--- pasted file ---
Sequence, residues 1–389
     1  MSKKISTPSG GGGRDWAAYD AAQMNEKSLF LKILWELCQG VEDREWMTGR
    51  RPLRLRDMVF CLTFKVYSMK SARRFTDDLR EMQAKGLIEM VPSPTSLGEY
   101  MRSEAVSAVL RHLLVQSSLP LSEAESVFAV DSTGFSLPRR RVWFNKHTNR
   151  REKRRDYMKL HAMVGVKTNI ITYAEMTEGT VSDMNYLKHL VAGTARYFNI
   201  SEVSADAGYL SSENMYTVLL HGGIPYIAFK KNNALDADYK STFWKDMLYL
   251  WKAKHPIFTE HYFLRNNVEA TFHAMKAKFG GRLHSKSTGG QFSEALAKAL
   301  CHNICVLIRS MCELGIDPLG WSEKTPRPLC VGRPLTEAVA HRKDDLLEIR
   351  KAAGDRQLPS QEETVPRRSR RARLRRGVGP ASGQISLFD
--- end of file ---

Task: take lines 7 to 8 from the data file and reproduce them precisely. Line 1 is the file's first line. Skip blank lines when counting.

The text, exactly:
   251  WKAKHPIFTE HYFLRNNVEA TFHAMKAKFG GRLHSKSTGG QFSEALAKAL
   301  CHNICVLIRS MCELGIDPLG WSEKTPRPLC VGRPLTEAVA HRKDDLLEIR